Approaching Thirty Years in Science: What Has Happened, and What Should Have Happened, in That Time
Jarrod Bailey, Ph.D. — CCS Director of Science & Technology
This is the first of a three-part blog, describing my journey through my scientific career, from the end of my days as a student, through to working with the Center for Contemporary Sciences.
Part 1: Starting Out, and an Epiphany…
As the twentieth century drew to a close, I had just completed my PhD in virus genetics/molecular biology, and embarked on a seven-year stint as a senior research associate at Newcastle University, England — my alma mater — studying human premature birth. Using human tissue samples from the hospital attached to the medical school, and tissue cultures made from those samples, I was involved in trying to find answers to a (still difficult and unresolved) problem: why are so many babies born too soon? Are there genetic factors? What are the molecular mechanisms involved in maintaining a womb in a quiescent state while a baby grows, but then, at the right time, turning it into a formidably strong organ that can expel a small human being from its mother?
This remains an important issue, because when these mechanisms go wrong, the consequences can be high. Around 15 million babies are born too soon each year — more than 1 in 10 births — and 1 million of those babies die. Many of those who survive face lifelong consequences, including physical and mental disabilities, which can be severe. While there are recommended steps that mothers-to-be can take to lower the risk of preterm birth, there is still little we can do about it, in spite of considerable efforts to understand the biology. Once a baby is on its way, the best that can be done is to delay the birth for perhaps a couple of days, which gives doctors time to help the baby, and to get the mother to hospital, for example.
Working in this field was important to me, and remains so, due to my own experiences. My brother and I were born two months early. Another premature sibling was my brother for just a few days; he died not long after he’d been born, three months early. My surviving brother and I have some ongoing health issues that are strongly associated with being born prematurely. My daughter — my only child — was born two months too soon, and spent time in the special care baby unit, and in intensive care.
This issue, therefore, is serious. And yet, around two decades after I worked in the field, we still don’t really know why premature human labor happens, and we still can’t do much about it. Like many areas of biomedical science, it’s difficult to unravel and tease apart: this is not an easy question to answer. However, I learned a very important lesson during my own work that shaped my subsequent career: if you’re trying to answer a difficult problem, you need to use the very best tools you possibly can. And in many (if not most) areas of biomedical research, while many scientists have the very best intentions and convictions, I believe they’re not doing that — for varied and sometimes complex reasons.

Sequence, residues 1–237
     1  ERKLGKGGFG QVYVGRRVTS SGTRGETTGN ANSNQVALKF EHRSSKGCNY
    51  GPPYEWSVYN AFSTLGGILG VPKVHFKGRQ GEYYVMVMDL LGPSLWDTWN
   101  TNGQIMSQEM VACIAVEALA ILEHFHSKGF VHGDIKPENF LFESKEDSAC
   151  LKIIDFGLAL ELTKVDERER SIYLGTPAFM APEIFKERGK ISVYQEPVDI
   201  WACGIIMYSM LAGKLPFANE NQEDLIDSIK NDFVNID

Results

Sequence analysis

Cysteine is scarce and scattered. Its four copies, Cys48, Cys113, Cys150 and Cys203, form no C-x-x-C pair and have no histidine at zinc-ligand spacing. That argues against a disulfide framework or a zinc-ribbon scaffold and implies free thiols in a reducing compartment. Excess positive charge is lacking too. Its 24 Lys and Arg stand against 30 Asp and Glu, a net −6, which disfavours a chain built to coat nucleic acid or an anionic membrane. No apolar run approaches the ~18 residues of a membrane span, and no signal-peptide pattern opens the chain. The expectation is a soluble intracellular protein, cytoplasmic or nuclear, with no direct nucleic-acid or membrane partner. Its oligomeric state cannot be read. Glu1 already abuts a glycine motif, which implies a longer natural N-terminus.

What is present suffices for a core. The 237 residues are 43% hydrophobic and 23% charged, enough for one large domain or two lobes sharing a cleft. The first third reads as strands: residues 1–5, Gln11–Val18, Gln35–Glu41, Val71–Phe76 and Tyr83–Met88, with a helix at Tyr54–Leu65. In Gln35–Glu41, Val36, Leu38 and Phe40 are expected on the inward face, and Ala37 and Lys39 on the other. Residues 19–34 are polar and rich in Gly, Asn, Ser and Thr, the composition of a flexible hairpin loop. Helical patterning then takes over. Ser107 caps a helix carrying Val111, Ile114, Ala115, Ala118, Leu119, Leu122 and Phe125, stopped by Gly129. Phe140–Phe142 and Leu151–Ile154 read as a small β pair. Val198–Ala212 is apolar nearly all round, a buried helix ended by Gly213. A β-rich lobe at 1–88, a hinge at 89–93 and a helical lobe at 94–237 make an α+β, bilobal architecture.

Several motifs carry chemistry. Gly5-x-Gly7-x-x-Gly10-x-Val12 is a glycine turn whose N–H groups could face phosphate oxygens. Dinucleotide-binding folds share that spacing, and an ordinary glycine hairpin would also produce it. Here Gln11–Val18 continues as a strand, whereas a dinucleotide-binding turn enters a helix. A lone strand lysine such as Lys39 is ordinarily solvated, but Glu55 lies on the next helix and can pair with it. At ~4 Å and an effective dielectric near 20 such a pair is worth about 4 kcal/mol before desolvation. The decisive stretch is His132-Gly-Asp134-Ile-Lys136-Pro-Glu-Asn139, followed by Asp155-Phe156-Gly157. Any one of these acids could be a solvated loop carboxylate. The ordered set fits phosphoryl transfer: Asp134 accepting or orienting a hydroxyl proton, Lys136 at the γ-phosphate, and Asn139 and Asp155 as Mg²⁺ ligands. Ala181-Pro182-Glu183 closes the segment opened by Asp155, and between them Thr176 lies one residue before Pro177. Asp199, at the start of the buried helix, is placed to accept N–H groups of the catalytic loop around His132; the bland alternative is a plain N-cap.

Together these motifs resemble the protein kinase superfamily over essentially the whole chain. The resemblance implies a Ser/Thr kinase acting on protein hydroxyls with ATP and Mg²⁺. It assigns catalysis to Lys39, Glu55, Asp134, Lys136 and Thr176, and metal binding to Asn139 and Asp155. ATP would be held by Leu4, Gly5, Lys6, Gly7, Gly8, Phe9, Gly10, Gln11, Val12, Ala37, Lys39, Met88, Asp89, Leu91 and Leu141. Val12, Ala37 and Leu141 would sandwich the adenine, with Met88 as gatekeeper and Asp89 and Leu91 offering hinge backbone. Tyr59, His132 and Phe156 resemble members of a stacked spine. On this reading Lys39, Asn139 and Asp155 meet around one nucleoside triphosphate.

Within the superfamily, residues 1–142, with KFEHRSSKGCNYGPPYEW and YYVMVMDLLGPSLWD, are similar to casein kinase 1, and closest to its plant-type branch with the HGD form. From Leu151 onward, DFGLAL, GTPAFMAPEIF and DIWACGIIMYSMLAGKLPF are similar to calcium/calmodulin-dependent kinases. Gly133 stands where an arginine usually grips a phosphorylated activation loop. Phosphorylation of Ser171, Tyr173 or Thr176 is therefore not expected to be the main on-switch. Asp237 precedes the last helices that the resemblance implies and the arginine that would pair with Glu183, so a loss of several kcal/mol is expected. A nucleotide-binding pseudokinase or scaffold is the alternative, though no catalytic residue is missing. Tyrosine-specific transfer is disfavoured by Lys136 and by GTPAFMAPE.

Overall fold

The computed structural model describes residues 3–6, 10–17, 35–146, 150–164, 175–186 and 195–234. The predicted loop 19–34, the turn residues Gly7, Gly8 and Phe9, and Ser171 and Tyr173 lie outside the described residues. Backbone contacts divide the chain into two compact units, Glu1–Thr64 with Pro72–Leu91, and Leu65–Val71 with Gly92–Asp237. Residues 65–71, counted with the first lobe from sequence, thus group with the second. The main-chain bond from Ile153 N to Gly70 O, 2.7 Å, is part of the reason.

Ethics — Animal and Human
I learned something else important during my time at the laboratory bench. The ethical dimension of biomedical research is intimately entwined with the scientific aspect; they are not separate entities. Using the best available tools constitutes the best science, and the best science is demanded by human ethics. Anything less than this is failing the seven billion people on the planet who are depending on the best research using the most appropriate tools to provide a deep understanding of human diseases, their causes, their pathology, their consequences, and to find preventive and therapeutic interventions and cures for so many devastating diseases.
On top of this human ethical aspect is, of course, is animal ethics. Some 200 million animals, including hundreds of thousands of monkeys, dogs and cats, are used globally each year. This is consistently opposed by much, even the majority, of the public in many countries due to welfare concerns, including in the US and the UK, and forms the basis of animal research practice and regulations around the world in the form of Harm-Benefit Analyses (HBA), in which the predicted harms to animals used in experiments must be weighed against anticipated human benefit from those experiments. There are, however, significant issues and concerns with the objectivity and accountability of the process, and there are many calls for its reform.
Increasingly, my long-held ethical unease over animal research, which had led me in the past to decline research posts that could not guarantee I would not be required to conduct animal experiments, was being augmented by a scientific one. I found myself asking why other scientists asking the very same questions that I was asking were using animal models. Why weren’t they using human tissue samples and human tissue culture, like other researchers, and I, were? Why weren’t they concerned that the differences in results that came from using different species, were likely to mislead and confound? I began to look at other areas of research and was led to ask the same questions. I thought of people I knew and loved who’d suffered and died from various diseases, and felt angry and frustrated that science was letting them down. This included my grandparents, with whom I was very close, who died of cancer. As is so often quoted, “We have cured mice of cancer for decades and it simply didn’t work in humans.”
In Part II: “Doing Something About My Frustrations Over Animal Research: Moving Away from the Bench and Out of the Laboratory.”